"The transformational research by Drs. Doudna and Charpentier has uncovered molecular details of an amazing bacterial immunity mechanism. Their findings enable dramatic improvements in the speed, efficiency and flexibility of genome editing," said Dr. Craig Mello, professor of Molecular Medicine, University of Massachusetts Medical School and investigator, Howard Hughes Medical Institute, and chair of the Dr. Paul Janssen Award independent selection committee. "It is widely applicable in biomedical research and its practical applications extend to engineering the genes of plants and animals." 

Doudna, Charpentier and their colleagues determined that Cas9 – an enzyme specialized for cutting DNA – can be programmed with single RNA molecules to cleave specific DNA sites, creating a simple and versatile system for genome targeting and editing. This new understanding enables researchers to rapidly model human disease alleles in the laboratory, speeding the search for new drug leads and opening new doors for the treatment of human genetic disorders.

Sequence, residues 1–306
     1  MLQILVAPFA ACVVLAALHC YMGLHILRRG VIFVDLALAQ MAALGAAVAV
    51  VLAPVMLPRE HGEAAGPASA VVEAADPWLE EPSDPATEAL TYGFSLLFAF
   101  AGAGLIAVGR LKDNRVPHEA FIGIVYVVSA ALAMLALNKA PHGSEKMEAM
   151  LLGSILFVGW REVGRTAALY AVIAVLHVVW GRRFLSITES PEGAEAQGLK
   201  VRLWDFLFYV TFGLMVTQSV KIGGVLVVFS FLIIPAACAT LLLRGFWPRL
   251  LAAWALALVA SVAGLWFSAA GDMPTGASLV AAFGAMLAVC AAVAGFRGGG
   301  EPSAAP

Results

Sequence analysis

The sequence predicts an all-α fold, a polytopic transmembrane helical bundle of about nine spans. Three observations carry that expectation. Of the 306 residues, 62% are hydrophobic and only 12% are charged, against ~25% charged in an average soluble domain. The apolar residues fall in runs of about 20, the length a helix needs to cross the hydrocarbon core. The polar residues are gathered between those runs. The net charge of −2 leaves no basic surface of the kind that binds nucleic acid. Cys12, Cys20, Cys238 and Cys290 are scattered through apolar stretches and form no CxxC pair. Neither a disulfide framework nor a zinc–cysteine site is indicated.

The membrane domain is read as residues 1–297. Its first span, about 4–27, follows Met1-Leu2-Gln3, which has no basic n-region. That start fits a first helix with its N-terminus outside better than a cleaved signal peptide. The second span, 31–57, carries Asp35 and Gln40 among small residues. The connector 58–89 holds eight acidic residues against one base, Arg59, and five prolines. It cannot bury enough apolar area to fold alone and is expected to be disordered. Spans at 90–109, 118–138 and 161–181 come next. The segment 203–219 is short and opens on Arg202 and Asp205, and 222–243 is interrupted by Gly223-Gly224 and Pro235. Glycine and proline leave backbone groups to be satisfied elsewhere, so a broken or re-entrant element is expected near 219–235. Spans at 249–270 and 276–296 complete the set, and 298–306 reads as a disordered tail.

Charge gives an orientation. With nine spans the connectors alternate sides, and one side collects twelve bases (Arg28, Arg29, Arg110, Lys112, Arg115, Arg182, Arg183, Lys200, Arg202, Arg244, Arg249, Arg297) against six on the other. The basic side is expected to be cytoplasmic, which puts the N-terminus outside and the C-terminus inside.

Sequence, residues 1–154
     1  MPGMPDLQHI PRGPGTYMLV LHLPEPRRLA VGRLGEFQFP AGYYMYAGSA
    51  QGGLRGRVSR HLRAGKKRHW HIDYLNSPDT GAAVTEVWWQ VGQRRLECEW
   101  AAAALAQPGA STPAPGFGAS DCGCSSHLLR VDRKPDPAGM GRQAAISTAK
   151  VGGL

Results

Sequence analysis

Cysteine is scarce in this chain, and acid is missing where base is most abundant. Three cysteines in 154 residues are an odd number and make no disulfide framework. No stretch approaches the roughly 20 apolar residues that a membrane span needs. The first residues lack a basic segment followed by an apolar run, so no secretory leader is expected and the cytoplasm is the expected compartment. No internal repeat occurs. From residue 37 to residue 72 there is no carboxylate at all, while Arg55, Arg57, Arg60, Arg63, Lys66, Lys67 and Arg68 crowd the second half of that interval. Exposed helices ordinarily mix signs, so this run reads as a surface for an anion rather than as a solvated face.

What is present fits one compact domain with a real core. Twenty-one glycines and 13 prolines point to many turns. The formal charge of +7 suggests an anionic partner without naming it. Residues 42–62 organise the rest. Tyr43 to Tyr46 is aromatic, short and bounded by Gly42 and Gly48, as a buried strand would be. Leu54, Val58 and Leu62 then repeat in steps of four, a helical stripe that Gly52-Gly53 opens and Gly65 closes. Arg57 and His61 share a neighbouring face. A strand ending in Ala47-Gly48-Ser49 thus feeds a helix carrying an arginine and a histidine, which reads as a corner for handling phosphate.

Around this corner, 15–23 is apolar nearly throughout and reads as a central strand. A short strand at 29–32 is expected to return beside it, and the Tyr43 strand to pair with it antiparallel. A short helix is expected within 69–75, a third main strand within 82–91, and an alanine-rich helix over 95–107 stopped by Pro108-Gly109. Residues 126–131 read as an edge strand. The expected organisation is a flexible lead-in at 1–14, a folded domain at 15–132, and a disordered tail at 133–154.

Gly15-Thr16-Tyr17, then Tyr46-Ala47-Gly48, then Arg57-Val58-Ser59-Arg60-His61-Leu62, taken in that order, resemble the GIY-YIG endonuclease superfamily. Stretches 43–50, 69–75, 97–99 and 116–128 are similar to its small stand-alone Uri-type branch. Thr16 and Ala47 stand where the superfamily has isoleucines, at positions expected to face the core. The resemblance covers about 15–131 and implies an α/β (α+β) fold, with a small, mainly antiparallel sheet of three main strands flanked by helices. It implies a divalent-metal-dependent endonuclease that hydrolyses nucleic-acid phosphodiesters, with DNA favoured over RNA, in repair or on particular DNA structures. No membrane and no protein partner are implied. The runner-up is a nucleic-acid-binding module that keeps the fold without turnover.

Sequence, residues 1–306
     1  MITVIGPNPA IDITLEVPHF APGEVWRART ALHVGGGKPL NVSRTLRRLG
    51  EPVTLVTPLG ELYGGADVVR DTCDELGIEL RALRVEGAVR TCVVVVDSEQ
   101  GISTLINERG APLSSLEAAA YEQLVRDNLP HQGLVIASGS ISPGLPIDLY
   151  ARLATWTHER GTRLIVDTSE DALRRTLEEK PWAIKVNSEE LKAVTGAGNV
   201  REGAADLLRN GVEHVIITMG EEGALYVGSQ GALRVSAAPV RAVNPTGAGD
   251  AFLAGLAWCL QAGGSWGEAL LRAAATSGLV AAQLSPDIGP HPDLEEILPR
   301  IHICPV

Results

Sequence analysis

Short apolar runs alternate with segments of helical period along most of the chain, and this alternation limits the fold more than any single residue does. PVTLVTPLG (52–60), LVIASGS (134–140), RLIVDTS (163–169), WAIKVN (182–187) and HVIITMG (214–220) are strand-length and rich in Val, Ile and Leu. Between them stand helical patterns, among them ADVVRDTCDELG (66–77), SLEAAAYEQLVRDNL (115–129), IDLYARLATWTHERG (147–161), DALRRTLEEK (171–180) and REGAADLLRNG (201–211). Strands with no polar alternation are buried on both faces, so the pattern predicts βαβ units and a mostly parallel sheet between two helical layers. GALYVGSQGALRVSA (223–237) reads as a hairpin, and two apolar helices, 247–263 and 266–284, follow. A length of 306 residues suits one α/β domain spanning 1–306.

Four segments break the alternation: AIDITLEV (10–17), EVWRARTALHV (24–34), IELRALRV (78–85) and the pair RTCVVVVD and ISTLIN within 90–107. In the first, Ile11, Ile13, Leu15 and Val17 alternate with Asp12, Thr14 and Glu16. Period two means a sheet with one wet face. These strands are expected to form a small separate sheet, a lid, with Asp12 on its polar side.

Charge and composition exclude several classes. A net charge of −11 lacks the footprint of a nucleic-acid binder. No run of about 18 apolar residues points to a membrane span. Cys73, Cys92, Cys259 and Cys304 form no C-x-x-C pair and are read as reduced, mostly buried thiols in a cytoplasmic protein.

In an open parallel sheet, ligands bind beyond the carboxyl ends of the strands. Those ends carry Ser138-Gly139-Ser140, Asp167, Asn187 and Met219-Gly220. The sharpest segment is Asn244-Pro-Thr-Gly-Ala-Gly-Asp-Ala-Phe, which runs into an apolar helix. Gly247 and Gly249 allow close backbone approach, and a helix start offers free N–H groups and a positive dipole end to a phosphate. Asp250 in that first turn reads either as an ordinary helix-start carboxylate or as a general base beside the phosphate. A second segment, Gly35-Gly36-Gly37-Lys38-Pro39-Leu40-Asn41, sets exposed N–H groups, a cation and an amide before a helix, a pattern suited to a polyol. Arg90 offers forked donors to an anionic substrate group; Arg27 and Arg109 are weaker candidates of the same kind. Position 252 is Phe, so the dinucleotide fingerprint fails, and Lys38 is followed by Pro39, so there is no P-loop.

Dr. Doudna is a Howard Hughes Medical Institute Investigator and Li Ka Shing Professor of Biochemistry, Biophysics and Structural Biology, University of California, Berkeley; and Dr. Charpentier is Alexander von Humboldt Professor at Hannover Medical School (MHH), Head of the Department "Regulation in Infection Biology" at the Helmholtz Centre for Infection Research (HZI) in Braunschweig, Germany, and Guest Professor at The Laboratory for Molecular Infection Medicine Sweden (MIMS) at Umea University.

"I have always focused on basic research, motivated by a desire to understand the world," said Dr. Doudna. "I am very happy about the possibility that this research can lead to something that can be used therapeutically and improve people's health."